Subgroup contributed talks

eSMB2020 eSMB2020 Follow Tuesday at 1:30pm EDT
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Rui Borges

Vetmeduni Vienna, Austria,
"Consistency and identifiability of the polymorphism-aware phylogenetic models"
Polymorphism-aware phylogenetic models (PoMo) constitute an alternative approach for species tree estimation from genome-wide data. PoMo builds on the standard substitution models of DNA evolution but expands the classic alphabet of the four nucleotide bases to include polymorphic states. By doing so, PoMo accounts for ancestral and current intra-population variation, while also accommodating population-level processes ruling the substitution process (e.g. genetic drift, mutations, allelic selection). PoMo has shown to be a valuable tool in several phylogenetic applications but a proof of statistical consistency (and identifiability, a necessary condition for consistency) is lacking. Here, we prove that PoMo is identifiable and, using this result, we further show that the maximum a posteriori (MAP) tree estimator of PoMo is a consistent estimator of the species tree. We complement our theoretical results with a simulated data set mimicking the diversity observed in natural populations exhibiting incomplete lineage sorting. We implemented PoMo in a Bayesian framework and show that the MAP tree easily recovers the true tree for typical numbers of sites that are sampled in genome-wide analyses.

Zoe Lange

Frankfurt Institute for Advanced Studie, Germany,
"Force Inference – Estimating the dynamics of mechanical forces in epithelial tissues from time-lapse images"
Embryonic development, wound repair and cancer growth are complex results of collective cell migration. Collective cell migration is based on the biochemical and mechanical interactions between cells with individual cells regulating their mechanical state and exerting forces on the surrounding tissue. To gain further insights into the multi-scale effects of force propagation from cells to tissues and the shaping properties on whole organisms, it is of great interest to study spatial and temporal dynamics of forces. Force inference is a computational approach to estimate tissue stress from images using a biomechanical model and a mathematical inverse method. It is a good supplement to experimental force measurement techniques like laser ablation. As a non-invasive observation technique, it requires no mechanical probing of the tissue and yields results for the whole system at once. The force inference method proposed by Ishihara and Sugimura (2012) applies a Bayesian framework to handle the indefiniteness of a system of linear force-balance equations. In this study, we use cell-vertex simulation generated data to validate our implementation of Bayesian force inference and apply it to investigate force dynamics in a classical wound healing assay. We discuss our workflow including image segmentation, graph construction and calibration based on force geometry relation, as well as robustness for segmentation errors and theoretical limits of force inference. We find that the method is challenged by ragged boundaries produced with a scratching technique. We show that pressure gradients flatten with closing of the wound.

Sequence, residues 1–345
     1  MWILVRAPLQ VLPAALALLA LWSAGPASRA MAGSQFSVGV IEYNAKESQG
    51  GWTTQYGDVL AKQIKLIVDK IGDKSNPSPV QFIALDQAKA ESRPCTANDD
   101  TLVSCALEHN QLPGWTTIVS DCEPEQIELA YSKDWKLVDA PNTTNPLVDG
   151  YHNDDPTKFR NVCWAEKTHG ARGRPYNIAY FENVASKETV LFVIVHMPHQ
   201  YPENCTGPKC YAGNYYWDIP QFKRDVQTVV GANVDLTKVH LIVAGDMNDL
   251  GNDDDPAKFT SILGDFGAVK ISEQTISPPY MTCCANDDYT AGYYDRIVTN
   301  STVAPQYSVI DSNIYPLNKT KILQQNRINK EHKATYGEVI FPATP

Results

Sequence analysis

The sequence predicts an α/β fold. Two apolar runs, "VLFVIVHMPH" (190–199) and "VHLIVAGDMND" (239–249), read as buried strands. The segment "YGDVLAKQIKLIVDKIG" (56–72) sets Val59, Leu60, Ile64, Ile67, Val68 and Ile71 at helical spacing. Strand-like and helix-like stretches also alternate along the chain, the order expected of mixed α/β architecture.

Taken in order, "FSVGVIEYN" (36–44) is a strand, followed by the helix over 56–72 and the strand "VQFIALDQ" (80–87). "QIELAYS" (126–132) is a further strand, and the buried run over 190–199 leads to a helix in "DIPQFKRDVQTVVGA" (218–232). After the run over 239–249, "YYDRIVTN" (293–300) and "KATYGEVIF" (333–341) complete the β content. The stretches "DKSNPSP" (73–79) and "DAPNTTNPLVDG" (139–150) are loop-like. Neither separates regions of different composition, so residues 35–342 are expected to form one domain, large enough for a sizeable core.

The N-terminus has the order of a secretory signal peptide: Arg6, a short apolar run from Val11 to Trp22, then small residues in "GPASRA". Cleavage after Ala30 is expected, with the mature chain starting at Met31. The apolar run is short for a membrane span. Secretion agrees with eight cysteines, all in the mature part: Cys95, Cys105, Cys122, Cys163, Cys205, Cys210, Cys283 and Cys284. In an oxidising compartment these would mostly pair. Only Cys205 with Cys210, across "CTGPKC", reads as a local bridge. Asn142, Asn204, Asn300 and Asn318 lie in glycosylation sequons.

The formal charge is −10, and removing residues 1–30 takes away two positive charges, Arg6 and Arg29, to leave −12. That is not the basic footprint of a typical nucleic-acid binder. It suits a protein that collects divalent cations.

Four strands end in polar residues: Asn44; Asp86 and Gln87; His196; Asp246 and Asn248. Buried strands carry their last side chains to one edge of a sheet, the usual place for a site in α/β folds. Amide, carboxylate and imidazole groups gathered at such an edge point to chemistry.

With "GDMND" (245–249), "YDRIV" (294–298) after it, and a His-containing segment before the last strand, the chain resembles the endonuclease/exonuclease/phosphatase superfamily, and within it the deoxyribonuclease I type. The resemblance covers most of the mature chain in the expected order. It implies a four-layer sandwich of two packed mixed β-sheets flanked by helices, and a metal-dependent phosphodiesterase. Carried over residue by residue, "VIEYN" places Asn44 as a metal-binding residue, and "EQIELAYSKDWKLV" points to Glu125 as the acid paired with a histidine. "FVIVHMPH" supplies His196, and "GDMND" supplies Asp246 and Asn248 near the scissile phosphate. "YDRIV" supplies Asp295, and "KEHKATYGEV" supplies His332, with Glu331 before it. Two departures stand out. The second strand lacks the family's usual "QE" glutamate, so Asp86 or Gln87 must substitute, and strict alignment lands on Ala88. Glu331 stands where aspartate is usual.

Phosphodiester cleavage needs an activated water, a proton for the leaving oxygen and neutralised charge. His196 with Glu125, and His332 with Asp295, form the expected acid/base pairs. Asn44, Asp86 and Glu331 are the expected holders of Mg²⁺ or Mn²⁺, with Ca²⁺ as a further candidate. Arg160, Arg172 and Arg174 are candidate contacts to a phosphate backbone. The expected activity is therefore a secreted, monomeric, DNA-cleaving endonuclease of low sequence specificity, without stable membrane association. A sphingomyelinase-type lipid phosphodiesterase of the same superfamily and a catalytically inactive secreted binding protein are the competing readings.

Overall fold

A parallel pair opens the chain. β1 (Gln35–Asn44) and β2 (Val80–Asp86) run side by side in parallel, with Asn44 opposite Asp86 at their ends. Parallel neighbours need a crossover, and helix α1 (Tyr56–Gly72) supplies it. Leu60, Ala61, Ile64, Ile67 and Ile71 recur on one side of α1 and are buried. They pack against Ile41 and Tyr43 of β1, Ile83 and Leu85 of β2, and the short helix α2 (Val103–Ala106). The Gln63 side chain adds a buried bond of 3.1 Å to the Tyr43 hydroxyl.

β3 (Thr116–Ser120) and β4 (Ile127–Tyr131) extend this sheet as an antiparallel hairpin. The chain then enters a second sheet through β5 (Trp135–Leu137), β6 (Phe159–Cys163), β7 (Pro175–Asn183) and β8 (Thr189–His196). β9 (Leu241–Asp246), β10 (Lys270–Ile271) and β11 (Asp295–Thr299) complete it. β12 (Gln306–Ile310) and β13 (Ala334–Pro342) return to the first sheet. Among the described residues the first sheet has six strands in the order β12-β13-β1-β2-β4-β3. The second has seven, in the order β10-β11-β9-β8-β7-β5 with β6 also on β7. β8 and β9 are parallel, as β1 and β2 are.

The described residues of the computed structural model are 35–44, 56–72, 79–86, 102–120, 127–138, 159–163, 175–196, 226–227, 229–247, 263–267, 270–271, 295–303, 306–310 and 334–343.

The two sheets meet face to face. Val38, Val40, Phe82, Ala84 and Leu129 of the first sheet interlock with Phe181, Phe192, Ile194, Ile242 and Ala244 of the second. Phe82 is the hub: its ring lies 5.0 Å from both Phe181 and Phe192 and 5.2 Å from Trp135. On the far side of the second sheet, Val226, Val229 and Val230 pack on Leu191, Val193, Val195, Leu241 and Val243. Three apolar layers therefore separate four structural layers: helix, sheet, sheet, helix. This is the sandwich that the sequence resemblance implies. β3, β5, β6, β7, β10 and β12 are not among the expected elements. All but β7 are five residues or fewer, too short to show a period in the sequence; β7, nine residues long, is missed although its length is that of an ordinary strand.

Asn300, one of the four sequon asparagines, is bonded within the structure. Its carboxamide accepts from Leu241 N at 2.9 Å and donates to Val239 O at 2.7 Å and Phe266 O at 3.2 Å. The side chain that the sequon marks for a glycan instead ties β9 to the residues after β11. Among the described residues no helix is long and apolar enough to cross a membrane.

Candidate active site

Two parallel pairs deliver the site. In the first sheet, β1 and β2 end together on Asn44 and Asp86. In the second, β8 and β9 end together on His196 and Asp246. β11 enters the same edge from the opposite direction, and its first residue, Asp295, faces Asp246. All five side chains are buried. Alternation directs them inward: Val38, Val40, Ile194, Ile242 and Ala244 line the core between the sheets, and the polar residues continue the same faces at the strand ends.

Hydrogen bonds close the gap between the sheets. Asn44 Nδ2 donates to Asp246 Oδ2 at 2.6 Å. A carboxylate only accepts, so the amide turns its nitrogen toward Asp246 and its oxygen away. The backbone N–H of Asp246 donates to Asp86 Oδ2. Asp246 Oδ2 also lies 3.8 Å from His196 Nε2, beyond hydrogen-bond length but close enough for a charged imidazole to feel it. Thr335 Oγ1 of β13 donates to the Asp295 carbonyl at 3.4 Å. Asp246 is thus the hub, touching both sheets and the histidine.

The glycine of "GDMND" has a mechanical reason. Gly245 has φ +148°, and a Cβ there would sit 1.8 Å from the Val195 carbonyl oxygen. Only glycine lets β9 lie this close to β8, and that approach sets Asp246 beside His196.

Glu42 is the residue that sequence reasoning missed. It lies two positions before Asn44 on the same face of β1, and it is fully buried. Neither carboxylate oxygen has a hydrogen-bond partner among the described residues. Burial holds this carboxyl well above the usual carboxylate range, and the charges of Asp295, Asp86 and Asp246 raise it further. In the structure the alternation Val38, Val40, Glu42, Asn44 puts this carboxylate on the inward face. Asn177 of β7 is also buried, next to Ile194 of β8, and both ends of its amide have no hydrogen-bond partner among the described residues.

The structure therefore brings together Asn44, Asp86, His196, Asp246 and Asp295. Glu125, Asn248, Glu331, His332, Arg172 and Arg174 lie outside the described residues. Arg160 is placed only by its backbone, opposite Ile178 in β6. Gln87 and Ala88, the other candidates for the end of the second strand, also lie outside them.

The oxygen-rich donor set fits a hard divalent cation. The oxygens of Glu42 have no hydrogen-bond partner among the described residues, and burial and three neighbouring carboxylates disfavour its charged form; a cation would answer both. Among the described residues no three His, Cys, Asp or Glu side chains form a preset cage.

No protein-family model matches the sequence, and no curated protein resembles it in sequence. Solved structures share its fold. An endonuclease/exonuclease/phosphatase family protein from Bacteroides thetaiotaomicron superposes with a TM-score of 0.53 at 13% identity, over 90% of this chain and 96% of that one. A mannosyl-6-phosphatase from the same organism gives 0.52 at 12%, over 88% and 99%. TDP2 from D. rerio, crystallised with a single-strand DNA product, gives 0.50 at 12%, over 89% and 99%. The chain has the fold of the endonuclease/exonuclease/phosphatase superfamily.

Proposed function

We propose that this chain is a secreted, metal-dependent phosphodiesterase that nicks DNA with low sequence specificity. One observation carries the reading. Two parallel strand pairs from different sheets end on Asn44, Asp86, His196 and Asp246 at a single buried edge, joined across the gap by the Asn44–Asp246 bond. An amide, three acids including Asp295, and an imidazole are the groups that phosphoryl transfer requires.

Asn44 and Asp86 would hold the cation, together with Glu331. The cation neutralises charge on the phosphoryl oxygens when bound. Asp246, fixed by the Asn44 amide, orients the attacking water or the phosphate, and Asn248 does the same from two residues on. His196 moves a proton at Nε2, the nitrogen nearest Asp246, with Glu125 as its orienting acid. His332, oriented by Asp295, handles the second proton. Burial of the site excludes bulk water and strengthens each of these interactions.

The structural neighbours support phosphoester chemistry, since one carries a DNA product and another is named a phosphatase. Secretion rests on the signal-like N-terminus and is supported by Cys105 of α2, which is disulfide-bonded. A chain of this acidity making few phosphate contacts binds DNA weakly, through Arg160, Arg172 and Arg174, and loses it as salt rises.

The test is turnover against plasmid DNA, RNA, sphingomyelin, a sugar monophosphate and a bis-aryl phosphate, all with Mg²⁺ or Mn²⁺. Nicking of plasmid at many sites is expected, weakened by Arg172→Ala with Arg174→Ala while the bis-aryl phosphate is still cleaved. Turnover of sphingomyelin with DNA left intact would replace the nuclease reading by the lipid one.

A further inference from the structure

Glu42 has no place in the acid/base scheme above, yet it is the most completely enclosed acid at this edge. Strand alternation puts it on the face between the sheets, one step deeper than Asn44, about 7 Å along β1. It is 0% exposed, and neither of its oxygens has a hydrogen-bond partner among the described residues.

Anastasios Matzavinos

Brown University, United States,
"Bayesian uncertainty quantification for particle-based simulation of lipid bilayer membranes"
A number of problems of interest in applied mathematics and biology involve the quantification of uncertainty in computational and real-world models. A recent approach to Bayesian uncertainty quantification using transitional Markov chain Monte Carlo (TMCMC) is extremely parallelizable and has opened the door to a variety of applications which were previously too computationally intensive to be practical. In this talk, we first explore the machinery required to understand and implement Bayesian uncertainty quantification using TMCMC. We then describe dissipative particle dynamics, a computational particle simulation method which is suitable for modeling biological structures on the subcellular level, and develop an example simulation of a lipid membrane in fluid. Finally, we apply the algorithm to a basic model of uncertainty in our lipid simulation, effectively recovering a target set of parameters (along with distributions corresponding to the uncertainty) and demonstrating the practicality of Bayesian uncertainty quantification for complex particle simulations. This work was partially supported by the NSF through grant no. DMS-1552903.

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Virtual conference of the Society for Mathematical Biology, 2020.